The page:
Happy Christmas!

We are the solution and we are the problem

I am the reason the birds are missing… I am made of dirt and grit and stars and river, skin, bone, leaf, whiskers and claws. I am a part of you, of this, nothing more or less. I am mycelium, petal pistil and stamen… I am energy and I am dust. I am wave and I am wonder. I am an impulse and an order.*
(Eve Ensler)

Consumption is an activity so different from gainful labour that it showed itself in the mode of leisure, even indolence. We display the success of what we have done by not having to do anything. The more we use up, therefore, the more we show ourselves to be winners of past contests.**
(James Carse)

At the same time as struggling with the cause and affect dynamic, we have been able to exponentially increase the magnitude of the cause.

Eve Ensler comes to terms with 2.9 billion birds begin lost in only fifty years in North America and writes an apology to the Earth taking her share of the responsibility:

Mother, I am the reason the birds are missing. I am the cause of salmon who cannot spawn and the butterflies unable to take their journey home. I am the coral reef bleached death white and the sea boiling with methane. I am the millions running from lands that have dried, forests that are burning or islands drowned in water.*

If we are to be the solution then we must first see that we are the problem, not someone else only, not the system only, not big business only, not governments only – governments would be far happier leading green change if they thoughts people would vote for them:

The art of solving problems often involves spending time and energy on what you’ll do when you don’t actually solve the problem.^

(*Eve Ensler, quote in Maria Popova’s Brain Pickings: Losing the Birds, Finding the Words … .)
(**From James Carse’s Finite and Infinite Games.)
(^From Seth Godin’s blog: “I don’t know how it could fail.”)

On the benefits of being lost

[Freedom] evolves once man is a complete being, when both of his basic impulses [of change and immutability] have developed, and it will therefore be absent so long as man is incomplete and excluded from one of his two impulses; and should be capable of restoration by all that returns him to completeness.*
(Friedrich Schiller)

One never reaches a horizon. It is not a line; it has no place; it encloses no field; its location is always relative to the view.*
(James Carse)

The important thing about being lost is to admit when you are.

Don’t pretend you still know where you are or where you are headed.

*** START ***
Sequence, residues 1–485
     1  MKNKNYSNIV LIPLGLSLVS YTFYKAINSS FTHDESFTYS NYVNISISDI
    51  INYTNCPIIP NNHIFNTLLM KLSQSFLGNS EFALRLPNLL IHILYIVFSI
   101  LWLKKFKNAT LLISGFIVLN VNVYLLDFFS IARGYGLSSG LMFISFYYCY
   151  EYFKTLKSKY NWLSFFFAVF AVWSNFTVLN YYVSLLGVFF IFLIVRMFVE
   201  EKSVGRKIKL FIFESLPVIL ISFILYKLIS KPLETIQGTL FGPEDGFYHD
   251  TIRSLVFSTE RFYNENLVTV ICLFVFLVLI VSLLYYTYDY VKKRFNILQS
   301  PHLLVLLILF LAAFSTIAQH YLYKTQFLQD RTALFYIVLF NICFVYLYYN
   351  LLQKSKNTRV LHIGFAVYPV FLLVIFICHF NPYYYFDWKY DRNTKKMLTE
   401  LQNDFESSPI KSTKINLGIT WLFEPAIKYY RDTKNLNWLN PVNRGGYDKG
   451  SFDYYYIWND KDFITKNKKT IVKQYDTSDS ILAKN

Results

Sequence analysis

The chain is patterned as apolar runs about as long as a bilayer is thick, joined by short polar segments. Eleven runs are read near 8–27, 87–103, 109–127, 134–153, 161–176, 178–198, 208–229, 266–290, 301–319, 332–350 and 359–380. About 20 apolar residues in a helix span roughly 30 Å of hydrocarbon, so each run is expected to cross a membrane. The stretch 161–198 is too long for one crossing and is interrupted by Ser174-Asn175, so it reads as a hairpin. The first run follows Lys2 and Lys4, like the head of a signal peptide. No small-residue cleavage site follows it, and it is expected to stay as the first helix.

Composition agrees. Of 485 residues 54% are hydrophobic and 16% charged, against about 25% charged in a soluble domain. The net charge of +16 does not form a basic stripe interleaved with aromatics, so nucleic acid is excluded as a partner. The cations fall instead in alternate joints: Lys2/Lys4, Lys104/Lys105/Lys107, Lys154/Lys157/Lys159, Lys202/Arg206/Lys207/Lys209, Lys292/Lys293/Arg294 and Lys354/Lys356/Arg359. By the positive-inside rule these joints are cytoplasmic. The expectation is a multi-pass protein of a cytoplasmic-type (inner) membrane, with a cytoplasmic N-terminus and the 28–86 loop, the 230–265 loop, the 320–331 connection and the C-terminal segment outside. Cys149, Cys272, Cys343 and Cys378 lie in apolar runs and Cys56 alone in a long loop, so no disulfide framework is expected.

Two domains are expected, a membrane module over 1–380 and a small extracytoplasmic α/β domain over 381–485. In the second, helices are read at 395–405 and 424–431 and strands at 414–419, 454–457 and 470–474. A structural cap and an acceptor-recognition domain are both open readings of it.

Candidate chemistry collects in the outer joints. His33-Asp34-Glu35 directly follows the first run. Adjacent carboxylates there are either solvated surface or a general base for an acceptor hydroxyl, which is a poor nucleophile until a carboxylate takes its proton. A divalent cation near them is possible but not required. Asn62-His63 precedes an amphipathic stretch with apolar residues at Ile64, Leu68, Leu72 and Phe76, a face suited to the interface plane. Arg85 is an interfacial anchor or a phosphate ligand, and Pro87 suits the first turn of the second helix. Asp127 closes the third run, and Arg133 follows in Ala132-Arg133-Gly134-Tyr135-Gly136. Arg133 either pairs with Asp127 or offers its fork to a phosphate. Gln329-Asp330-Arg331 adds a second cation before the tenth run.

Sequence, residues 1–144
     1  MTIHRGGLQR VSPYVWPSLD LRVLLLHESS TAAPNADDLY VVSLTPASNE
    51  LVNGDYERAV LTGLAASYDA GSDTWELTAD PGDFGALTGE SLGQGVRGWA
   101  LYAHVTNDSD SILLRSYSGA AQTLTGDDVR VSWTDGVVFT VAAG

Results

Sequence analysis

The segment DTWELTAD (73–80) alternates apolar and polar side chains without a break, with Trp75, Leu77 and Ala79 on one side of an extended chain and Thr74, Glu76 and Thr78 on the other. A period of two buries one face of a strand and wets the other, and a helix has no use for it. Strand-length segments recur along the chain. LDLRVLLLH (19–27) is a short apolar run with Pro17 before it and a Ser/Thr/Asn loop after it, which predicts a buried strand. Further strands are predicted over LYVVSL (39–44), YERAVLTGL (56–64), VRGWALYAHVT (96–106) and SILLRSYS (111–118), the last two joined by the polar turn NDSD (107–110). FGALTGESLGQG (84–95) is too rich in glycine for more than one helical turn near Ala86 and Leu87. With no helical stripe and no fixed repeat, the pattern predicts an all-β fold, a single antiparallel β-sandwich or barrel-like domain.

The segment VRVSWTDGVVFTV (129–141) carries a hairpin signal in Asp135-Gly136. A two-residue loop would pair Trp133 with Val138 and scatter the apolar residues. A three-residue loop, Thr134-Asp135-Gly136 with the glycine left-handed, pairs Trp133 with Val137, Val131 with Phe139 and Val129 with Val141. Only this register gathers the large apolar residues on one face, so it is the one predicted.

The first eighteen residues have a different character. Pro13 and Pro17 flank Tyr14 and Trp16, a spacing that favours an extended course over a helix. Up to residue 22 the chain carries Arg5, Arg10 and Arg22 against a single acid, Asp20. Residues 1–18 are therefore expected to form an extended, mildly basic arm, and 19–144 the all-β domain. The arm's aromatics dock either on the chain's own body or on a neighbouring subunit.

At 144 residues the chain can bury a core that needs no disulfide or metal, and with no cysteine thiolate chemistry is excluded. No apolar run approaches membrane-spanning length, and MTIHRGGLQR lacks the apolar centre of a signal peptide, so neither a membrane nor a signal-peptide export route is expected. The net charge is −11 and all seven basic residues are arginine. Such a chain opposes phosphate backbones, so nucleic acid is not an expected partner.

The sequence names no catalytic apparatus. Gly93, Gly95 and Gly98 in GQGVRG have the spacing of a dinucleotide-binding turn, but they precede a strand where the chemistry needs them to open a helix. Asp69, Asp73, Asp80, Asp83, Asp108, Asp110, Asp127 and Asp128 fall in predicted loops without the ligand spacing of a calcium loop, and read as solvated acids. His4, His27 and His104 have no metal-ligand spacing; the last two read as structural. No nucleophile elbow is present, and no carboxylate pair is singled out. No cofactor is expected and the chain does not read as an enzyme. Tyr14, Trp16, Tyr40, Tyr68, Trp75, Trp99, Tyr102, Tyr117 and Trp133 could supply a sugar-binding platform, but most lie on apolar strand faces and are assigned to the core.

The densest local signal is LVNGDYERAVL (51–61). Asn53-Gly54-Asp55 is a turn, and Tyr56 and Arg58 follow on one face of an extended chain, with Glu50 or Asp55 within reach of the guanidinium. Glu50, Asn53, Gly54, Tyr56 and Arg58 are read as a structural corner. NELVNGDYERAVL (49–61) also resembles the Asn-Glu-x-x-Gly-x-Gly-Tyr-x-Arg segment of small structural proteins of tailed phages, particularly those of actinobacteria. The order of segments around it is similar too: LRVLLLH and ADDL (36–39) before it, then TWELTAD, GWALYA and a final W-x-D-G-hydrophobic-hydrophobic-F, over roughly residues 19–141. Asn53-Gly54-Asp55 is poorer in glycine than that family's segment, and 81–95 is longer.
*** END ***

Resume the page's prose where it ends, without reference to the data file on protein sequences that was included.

Then you begin to see the benefits.

One of the problems with our lives as we have come to find them is that we can be too found, which would be too much of Friedrich Schiller’s immutability impulse and not enough of the change impulse, and too much of James Carse’s boundaries and not enough horizons.

Lost is good sometimes.

We pay more attention.

We are open to more possibilities.

Sometimes we find ourselves lost and when we notice this, wondering how we got to where we find ourselves, the contents of our days and the contents of our life, then we can use this towards something more, different, better … .

We can also get lost on purpose; it’s where we find who we really are and what we have to gift:^

My Lord God,
I have no idea where I am going.
I do not see the road ahead of me.
I cannot know for certain where it will end.^^

(*From Friedrich Schiller’s On the Aesthetic Education of Man.)
(**From James Carse’s Finite and Infinite Games.)
(^Check out Rebecca Solnit’s A Field Guide to Getting Lost and Keri Smith’s The Wander Society.)
(^^Thomas Merton, quoted in the Northumbria Community‘s Morning Prayer: Day 23.)

In summary …

Nothing is one thing […] If you’re focusing on the part of your day that was “fine,” then you’re ignoring the parts that were a miracle, or disappointing, or thrilling.*
(Seth Godin)

The only problem is that when you are different, people can laugh at you, or even worse. Sometimes people don’t like what’s different.**
(Bertolt)

We’re tempted to summarise in order to know, or to explain and even to be.

Everything is so much more than a summary, including you.

Going beyond the summary would be a brilliant way of spending 2020, not. Not only would you come up with many more words to describe yourself, but you’ll also find more words to describe others.

(*From Seth Godin’s blog: Nothing is one thing.)
(**From Jacques Goldstyn’s Bertolt.)

Boundaries and horizons

[A] society is defined by its boundaries; a culture is defined by its horizons. […] A horizon is a phenomenon of vision. One cannot look at the horizon; it is simply the point beyond which we cannot see.*
(James Carse)

When it’s your turn, it’s your turn. You own it. Your choice. Your freedom. Your responsibility.**
(Seth Godin)

Boundaries are vertical, horizons are horizontal.

Boundaries exist because of some resistance on the other side of the line, horizons are open, we can never reach them

The future will be more about horizons than boundaries, if we want it to be.